My results display has now moved into late counting phase, during which it attempts to project results for the outstanding votes, notwithstanding that the actual number of the latter is not precisely known. This shows up as three new rows at the bottom of the booth results table showing projections for provisionals, declaration pre-polls and postals. The first two are based on swing differentials from the election, while the latter assumes the outstanding postal votes will behave the same as those already counted, as they more or less did in Eden-Monaro through the 2019 election count. All of this adds up to a projected Labor margin of 1566, although as noted it doesn’t include the Narooma pre-poll which I expect will shave it back to around 1300.

Note that the aforementioned two-party postal count has been added to these results, but it won’t show up in the AEC results until the morning. This is a little messy on my end as it means there are more than two-party than primary votes in the system, which is not how things are supposed to work. Hopefully the AEC’s update will include the primary votes, and my system will be able to handle the transition back to normality when it does (since I won’t be awake for it).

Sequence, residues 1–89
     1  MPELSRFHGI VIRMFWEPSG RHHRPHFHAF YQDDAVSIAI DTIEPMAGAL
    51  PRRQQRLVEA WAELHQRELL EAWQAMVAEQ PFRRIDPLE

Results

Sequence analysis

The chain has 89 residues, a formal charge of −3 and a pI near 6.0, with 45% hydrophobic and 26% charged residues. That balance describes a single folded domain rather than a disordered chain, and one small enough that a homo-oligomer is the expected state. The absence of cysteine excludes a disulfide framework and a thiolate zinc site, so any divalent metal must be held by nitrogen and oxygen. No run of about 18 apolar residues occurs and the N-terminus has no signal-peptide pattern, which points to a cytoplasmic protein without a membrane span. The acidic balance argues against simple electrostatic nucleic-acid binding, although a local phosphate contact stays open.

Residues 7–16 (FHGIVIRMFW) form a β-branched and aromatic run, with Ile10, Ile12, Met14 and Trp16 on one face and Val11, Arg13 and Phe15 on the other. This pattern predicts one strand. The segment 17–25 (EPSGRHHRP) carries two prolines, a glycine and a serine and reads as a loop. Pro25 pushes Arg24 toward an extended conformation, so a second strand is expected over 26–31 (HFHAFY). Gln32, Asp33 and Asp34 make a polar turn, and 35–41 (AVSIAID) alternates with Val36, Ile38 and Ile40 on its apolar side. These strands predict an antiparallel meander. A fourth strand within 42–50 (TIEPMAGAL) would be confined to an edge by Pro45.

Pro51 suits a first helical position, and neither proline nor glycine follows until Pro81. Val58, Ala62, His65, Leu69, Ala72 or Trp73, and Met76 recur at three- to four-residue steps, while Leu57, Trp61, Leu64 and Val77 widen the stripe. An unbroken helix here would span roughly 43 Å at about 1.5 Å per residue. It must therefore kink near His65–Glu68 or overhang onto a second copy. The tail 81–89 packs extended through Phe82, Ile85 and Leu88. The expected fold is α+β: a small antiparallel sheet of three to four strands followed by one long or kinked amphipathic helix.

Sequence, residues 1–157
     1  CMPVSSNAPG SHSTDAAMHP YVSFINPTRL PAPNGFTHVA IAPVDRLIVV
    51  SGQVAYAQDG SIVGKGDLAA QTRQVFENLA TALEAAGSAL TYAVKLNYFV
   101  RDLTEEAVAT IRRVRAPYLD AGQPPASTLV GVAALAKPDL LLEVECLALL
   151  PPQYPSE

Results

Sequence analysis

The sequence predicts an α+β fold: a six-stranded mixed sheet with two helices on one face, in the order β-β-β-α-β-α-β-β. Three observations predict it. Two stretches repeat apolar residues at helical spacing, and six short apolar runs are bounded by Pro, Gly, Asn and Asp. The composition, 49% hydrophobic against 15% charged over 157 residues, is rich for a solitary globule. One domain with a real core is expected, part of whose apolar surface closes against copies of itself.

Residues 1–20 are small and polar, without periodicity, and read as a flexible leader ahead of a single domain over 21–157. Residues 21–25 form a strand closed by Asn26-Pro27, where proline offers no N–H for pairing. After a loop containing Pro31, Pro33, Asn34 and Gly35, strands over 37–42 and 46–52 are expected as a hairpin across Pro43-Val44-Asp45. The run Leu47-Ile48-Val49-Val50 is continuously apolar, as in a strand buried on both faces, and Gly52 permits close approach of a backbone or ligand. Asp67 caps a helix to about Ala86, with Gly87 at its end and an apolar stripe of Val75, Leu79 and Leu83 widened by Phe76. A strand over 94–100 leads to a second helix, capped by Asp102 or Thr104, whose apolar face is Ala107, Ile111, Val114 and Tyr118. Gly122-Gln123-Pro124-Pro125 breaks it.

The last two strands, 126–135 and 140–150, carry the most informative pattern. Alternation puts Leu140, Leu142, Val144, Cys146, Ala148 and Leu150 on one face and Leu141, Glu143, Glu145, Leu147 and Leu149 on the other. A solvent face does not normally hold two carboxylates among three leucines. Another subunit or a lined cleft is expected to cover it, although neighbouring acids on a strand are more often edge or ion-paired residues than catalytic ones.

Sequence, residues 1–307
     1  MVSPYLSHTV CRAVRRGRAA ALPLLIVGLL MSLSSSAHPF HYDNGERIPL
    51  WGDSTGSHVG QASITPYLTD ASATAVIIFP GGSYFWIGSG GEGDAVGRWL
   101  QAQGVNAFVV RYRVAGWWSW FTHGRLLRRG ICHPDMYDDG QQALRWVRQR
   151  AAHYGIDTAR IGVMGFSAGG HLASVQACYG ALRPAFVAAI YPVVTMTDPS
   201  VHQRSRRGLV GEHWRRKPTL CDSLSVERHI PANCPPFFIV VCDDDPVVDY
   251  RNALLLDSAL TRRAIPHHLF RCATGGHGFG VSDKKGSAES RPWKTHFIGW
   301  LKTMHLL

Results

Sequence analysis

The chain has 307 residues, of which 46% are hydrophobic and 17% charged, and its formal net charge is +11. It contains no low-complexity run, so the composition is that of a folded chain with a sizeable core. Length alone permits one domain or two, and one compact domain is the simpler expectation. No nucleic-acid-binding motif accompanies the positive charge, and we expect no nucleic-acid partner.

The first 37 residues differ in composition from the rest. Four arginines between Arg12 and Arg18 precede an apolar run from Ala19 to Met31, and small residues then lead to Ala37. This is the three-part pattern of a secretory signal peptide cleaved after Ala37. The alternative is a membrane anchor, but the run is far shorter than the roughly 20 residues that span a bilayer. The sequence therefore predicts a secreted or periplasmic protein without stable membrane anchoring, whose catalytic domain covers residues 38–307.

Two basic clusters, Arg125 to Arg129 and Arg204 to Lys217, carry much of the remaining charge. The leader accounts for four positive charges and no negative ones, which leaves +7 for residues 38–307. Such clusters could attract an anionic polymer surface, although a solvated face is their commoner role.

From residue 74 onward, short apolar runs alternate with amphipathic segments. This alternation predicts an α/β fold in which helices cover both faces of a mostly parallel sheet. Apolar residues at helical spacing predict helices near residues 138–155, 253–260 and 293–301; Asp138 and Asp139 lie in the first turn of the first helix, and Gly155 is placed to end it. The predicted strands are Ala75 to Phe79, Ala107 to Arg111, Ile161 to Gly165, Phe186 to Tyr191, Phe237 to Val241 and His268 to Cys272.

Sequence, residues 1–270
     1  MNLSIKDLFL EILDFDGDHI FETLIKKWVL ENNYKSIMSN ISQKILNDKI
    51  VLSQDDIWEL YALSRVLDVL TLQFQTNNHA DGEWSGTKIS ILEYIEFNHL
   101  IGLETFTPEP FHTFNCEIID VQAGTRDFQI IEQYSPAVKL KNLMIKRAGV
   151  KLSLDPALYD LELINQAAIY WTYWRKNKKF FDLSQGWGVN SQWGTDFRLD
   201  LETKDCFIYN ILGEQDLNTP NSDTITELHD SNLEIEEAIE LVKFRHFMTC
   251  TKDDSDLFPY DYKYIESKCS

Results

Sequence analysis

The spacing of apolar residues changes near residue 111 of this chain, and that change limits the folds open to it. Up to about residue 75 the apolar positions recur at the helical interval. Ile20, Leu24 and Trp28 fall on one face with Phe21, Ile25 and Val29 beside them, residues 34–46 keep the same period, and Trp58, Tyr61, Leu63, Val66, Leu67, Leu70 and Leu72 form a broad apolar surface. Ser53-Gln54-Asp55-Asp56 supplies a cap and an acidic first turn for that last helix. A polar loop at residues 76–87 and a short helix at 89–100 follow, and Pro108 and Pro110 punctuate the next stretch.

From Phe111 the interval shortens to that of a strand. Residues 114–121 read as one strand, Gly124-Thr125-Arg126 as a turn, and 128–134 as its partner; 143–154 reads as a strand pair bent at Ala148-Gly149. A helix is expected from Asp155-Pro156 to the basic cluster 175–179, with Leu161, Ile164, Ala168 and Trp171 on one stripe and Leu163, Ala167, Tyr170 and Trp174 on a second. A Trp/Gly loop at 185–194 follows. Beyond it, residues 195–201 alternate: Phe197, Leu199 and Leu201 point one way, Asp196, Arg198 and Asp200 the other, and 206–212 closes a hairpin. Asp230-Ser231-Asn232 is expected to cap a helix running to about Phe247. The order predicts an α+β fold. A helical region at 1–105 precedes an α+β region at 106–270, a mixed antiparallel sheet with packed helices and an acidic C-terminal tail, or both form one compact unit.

Some further observations on the result:

• I said ad nauseam through the evening that projections might be thrown out by a surprise on postals, surprise in this case meaning a swing substantially different from the ordinary votes. In retrospect though, it stands to reason that a COVID-19 driven increase in postal voting should make the postal voter base more representative, and thus less conservative. AEC figures also show that Labor’s postal vote campaign also elicited 4447 applications compared with the Liberals’ 2908. In any case, the Liberals’ 50.8% two-party share of the postals counted thus far compares with 57.1% at the federal election, which compares with a picture of near-perfect stability on the two-party vote in polling booths (a 0.1% swing to Liberal) and pre-polls (what I’m projecting to be a 0.2% Liberal swing when the one straggler booth reports its two-party result).